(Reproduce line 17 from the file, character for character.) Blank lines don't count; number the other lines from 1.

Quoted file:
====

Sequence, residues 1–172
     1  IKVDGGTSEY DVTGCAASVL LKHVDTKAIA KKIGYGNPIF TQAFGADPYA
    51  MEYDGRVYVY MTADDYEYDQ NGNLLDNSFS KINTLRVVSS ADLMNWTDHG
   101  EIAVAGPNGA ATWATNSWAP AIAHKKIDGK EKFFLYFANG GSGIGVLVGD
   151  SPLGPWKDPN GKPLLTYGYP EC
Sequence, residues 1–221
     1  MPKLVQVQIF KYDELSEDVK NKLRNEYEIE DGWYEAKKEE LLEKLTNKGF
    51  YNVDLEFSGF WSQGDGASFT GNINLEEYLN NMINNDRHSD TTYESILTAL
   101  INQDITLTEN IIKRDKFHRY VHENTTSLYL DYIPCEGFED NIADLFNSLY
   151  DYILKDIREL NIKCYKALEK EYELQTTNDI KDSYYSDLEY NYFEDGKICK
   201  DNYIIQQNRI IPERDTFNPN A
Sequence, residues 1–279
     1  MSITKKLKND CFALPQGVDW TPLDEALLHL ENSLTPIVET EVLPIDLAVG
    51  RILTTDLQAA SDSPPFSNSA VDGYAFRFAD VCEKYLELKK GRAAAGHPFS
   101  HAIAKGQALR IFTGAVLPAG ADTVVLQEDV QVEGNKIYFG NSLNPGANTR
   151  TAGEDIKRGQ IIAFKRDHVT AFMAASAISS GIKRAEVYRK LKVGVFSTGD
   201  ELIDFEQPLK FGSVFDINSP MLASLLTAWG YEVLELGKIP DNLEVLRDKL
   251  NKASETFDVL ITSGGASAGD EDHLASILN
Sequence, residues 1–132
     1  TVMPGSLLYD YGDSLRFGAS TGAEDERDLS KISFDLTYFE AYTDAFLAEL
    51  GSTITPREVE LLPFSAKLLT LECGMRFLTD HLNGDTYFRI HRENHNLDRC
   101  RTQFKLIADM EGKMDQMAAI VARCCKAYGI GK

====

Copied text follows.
   201  ELIDFEQPLK FGSVFDINSP MLASLLTAWG YEVLELGKIP DNLEVLRDKL